As an alternative, you may want to take some of the allocation slated for cash and instead shift it to a bond fund that appears to be stable enough in price that, for the time being and perhaps much longer, there is little risk of negative returns and that will give you a small dividend instead of the near zero return for money markets. The fund is the Vanguard Short Term Investment Grade (VFSTX) fund. This fund is currently paying about 1.5% and has also shown a small amount of price appreciation over the last number of years. Be aware, however, there is no guarantee the fund won't show some price depreciation once interest rates go up, something that may not occur until some time next year.

If you choose to do this, do not now count this shifted bond investment as part of your 25% in bonds. Rather, still count it as cash. Your 25% cash position (consisting of money market and bank held deposit accounts) will also now include the extra amount invested in VFSTX. For example, you might have 20% in MM accounts and 5% in VFSTX, for a total of 25%.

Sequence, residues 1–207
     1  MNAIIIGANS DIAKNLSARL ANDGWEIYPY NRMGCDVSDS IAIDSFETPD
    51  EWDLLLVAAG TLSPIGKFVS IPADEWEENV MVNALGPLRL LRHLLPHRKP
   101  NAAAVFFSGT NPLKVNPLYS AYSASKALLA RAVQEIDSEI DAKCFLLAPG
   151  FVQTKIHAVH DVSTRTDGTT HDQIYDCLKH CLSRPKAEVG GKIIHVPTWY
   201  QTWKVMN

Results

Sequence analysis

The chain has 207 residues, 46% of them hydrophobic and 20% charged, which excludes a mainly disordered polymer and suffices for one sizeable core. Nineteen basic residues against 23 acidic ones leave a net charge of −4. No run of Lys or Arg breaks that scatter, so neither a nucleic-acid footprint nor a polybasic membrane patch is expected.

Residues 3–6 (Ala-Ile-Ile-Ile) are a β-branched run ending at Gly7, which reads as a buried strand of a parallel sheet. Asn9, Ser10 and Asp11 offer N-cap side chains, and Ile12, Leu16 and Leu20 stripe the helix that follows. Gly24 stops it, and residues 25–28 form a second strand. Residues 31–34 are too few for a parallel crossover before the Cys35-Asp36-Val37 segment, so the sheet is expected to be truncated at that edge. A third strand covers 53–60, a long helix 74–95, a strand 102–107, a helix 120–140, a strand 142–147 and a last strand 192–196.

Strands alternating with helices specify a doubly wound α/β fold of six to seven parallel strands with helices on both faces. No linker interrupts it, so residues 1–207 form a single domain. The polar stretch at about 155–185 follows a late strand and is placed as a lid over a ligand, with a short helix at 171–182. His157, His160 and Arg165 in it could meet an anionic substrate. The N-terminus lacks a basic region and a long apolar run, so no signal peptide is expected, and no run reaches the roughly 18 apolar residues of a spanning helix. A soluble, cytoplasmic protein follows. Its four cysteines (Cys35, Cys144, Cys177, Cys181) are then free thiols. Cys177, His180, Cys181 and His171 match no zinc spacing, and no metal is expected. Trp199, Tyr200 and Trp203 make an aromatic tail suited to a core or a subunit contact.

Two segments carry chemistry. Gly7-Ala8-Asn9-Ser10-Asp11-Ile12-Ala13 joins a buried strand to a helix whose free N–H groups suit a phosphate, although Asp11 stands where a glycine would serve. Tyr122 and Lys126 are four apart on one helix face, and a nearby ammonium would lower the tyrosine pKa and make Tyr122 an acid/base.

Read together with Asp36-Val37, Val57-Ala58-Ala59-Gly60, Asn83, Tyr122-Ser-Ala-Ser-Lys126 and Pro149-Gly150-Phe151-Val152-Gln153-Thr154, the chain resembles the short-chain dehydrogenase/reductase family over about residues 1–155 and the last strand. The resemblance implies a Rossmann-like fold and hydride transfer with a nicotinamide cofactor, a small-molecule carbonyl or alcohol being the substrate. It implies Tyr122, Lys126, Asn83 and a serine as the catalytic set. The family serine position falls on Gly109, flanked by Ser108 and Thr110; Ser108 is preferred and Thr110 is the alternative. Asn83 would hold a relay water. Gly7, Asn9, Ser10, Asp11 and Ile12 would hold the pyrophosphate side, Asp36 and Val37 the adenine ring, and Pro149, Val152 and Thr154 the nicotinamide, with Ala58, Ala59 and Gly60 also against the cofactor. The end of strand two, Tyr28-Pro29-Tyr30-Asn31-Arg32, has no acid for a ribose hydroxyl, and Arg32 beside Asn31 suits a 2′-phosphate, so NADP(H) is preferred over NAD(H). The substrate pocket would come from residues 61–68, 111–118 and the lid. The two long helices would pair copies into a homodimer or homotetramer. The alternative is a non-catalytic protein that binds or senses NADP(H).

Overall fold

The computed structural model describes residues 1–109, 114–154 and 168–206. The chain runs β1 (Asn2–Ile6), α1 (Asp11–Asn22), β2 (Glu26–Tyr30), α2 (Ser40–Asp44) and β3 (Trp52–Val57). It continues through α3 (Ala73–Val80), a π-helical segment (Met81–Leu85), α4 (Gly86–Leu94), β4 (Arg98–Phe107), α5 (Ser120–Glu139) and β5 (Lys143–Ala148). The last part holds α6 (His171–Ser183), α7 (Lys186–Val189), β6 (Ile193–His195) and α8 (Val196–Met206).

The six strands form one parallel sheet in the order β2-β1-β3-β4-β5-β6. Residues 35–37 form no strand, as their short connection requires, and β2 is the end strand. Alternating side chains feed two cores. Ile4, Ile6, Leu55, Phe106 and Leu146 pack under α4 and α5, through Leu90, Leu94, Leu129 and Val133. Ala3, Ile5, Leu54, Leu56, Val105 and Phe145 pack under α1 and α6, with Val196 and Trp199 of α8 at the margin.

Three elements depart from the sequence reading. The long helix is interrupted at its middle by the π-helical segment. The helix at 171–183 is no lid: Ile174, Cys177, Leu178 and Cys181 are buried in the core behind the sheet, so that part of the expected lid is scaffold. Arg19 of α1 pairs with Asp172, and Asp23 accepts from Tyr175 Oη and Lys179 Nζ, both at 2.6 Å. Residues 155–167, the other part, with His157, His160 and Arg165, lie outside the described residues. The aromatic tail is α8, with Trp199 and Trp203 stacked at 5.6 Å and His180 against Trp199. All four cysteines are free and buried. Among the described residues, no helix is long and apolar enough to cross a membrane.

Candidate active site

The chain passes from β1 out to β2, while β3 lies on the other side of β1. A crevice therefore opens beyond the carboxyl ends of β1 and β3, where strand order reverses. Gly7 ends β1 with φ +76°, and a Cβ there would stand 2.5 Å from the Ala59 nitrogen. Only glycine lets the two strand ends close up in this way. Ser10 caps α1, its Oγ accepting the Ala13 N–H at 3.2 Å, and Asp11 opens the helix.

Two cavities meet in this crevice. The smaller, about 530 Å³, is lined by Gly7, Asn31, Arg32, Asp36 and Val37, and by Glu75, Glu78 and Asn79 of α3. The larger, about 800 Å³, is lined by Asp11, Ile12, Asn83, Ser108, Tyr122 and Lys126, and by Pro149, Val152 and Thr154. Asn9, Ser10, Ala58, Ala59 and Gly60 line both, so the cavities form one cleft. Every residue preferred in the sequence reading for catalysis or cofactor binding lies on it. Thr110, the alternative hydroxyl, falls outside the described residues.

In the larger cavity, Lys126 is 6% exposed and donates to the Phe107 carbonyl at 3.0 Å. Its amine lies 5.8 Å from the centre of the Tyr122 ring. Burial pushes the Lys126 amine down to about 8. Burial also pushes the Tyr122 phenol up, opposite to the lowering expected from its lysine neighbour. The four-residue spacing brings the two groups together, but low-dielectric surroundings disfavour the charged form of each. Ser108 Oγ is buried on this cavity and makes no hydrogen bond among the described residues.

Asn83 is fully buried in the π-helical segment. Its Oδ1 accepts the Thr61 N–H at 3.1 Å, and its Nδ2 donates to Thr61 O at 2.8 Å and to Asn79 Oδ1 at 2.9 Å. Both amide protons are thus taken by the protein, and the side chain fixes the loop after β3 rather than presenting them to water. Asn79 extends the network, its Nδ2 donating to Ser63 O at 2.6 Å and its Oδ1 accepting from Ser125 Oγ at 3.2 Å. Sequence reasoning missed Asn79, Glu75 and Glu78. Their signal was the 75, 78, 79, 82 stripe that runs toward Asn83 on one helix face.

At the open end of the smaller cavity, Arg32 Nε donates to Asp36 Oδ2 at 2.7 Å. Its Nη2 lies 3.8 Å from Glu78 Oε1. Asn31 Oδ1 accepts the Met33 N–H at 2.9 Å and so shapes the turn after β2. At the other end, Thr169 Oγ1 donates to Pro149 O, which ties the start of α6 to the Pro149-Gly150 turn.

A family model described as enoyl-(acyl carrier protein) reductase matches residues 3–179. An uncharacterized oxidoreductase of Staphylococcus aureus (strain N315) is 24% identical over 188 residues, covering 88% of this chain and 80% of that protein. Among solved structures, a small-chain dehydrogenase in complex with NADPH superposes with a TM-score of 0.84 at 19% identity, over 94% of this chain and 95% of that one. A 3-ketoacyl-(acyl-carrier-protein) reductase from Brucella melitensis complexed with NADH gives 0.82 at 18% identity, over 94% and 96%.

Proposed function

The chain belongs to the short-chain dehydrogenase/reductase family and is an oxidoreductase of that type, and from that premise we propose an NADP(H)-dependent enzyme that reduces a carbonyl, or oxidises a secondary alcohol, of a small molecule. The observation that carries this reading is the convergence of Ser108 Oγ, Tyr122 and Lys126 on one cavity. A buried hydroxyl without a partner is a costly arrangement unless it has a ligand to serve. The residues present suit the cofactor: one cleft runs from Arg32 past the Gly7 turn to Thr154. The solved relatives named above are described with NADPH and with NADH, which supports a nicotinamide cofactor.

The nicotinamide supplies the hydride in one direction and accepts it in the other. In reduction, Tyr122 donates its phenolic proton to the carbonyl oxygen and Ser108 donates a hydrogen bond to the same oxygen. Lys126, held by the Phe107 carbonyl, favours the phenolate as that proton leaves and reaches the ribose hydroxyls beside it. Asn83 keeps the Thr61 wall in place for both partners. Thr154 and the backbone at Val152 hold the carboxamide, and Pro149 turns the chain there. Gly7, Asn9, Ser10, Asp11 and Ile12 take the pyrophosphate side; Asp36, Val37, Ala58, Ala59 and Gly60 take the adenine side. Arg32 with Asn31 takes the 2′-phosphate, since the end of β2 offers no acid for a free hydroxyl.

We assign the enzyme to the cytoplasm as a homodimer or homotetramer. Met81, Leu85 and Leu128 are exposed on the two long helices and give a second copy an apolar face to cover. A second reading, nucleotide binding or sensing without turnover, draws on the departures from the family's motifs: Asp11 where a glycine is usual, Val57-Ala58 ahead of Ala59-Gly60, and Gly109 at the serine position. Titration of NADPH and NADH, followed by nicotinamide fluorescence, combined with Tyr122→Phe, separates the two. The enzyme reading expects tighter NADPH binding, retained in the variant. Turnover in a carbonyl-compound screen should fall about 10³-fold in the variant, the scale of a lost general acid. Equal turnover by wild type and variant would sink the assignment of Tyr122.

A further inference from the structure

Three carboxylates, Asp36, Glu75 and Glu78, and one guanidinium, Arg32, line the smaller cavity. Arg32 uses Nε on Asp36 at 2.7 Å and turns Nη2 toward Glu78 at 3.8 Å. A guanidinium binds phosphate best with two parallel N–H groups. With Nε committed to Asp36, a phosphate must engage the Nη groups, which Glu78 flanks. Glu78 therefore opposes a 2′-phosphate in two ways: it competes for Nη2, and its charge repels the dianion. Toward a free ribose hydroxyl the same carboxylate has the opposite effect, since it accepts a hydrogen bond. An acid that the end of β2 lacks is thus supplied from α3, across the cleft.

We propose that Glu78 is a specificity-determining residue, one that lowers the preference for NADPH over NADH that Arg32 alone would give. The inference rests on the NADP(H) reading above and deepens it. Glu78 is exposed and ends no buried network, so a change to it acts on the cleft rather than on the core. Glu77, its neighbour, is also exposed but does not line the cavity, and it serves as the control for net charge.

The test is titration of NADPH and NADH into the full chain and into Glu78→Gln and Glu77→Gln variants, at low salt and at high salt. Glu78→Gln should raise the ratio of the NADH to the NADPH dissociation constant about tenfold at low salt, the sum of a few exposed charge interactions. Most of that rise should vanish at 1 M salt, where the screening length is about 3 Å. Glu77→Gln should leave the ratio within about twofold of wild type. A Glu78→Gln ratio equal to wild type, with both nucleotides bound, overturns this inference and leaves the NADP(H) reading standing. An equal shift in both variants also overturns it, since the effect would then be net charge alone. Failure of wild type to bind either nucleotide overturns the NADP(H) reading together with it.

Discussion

For Aggressive Risk Investors

Asset Current (Last Qtr.)
Stocks 67.5% (67.5%)
Bonds 10 (10)
Cash 22.5 (22.5)

For Conservative Investors

Asset Current (Last Qtr.)
Stocks 22.5% (25%)
Bonds 37.5 (40)
Cash 40 (35)

Allocations to Specific Funds

Model Stock Fund Portfolio

Our Specific
Fund Recommendations

Fund Category

 Recommended Category
Weighting Now 
(vs Last Qtr.)
-Fidelity Low Priced Stock (FLPSX)


    12.5% (12.5%)

-Tweedy Brown Global Value (TBGVX) (C & M)
-Vanguard Europe (VEURX) (M)
-Vanguard International Growth (VWIGX)  (A)
-Dodge & Cox International Stock (DODFX)  (A)
  (See Notes 1 and 2.)


    30.0 (27.5)

-Vanguard 500 Index (VFINX)
-Fidelity Large Cap Stock (FLCSX) (A)

   Large Blend 

    20.0 (20.0)

-Vanguard Growth Index (VIGRX)
-Fidelity Contra (FCNTX)
  Large Growth
    10.0 (10.0)

-Vanguard US Value


    20.0 (20.0)

-Vanguard Energy ETF (VDE) (M)
  or Vanguard Energy (VGENX) (M)
-Vanguard Precious Metals and Mining Inv
 (VGPMX) (A)


    7.5 (10.0)

  1. Stock or bond funds with (C) are particularly recommended for Conservative investors; likewise, (M) for Moderate; (A) for Aggressive.